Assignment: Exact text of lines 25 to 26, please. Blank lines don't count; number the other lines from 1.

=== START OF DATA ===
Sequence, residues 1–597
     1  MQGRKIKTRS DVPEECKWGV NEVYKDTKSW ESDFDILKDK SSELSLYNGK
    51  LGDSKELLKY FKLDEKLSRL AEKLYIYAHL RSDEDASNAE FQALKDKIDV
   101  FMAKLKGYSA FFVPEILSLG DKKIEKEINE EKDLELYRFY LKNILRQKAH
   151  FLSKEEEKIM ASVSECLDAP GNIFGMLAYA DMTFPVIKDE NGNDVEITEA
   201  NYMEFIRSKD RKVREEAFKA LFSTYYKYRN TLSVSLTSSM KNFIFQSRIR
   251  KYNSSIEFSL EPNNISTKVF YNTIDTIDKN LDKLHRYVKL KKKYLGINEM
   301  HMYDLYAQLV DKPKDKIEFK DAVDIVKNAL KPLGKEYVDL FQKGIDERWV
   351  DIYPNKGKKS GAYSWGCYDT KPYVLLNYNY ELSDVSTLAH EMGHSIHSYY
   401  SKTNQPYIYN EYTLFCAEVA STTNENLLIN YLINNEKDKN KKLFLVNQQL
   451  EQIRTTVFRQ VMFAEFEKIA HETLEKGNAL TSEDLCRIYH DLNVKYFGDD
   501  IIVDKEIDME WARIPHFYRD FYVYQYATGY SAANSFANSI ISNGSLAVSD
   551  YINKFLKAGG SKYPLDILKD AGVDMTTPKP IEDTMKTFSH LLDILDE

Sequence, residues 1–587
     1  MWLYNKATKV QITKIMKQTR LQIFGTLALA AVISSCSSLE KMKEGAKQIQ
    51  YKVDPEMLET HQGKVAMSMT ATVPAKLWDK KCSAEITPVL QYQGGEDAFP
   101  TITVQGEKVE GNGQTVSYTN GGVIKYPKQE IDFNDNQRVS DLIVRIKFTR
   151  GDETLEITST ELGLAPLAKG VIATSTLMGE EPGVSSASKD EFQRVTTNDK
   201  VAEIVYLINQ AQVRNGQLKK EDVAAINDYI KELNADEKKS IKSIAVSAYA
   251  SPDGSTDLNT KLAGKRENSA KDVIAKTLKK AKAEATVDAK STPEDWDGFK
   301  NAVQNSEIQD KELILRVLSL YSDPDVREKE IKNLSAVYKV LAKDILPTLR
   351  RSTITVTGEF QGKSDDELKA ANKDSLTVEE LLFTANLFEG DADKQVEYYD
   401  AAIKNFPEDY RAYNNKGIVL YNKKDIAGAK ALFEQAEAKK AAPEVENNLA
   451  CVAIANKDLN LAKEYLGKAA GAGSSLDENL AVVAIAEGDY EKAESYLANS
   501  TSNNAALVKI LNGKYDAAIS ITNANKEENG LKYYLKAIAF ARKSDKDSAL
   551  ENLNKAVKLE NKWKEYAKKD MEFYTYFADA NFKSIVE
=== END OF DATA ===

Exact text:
   501  TSNNAALVKI LNGKYDAAIS ITNANKEENG LKYYLKAIAF ARKSDKDSAL
   551  ENLNKAVKLE NKWKEYAKKD MEFYTYFADA NFKSIVE